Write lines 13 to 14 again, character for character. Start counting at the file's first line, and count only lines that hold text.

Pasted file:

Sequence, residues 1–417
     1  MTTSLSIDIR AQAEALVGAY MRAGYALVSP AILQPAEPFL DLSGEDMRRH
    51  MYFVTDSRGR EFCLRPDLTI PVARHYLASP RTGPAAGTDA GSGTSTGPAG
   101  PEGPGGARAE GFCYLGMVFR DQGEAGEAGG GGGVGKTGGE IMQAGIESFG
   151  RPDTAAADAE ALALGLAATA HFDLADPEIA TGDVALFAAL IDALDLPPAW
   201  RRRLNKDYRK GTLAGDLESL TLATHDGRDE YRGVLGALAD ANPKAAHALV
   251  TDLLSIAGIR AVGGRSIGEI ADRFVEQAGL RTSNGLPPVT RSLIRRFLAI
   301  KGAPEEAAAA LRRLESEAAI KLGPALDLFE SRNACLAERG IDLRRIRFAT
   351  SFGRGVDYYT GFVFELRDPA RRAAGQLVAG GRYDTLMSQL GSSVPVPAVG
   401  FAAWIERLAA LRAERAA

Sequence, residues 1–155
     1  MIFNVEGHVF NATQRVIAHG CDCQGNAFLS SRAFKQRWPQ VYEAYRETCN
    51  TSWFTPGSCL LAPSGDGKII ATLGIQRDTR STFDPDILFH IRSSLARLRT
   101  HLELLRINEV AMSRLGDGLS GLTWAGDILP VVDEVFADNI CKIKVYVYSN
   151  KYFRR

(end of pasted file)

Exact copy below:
    51  TSWFTPGSCL LAPSGDGKII ATLGIQRDTR STFDPDILFH IRSSLARLRT
   101  HLELLRINEV AMSRLGDGLS GLTWAGDILP VVDEVFADNI CKIKVYVYSN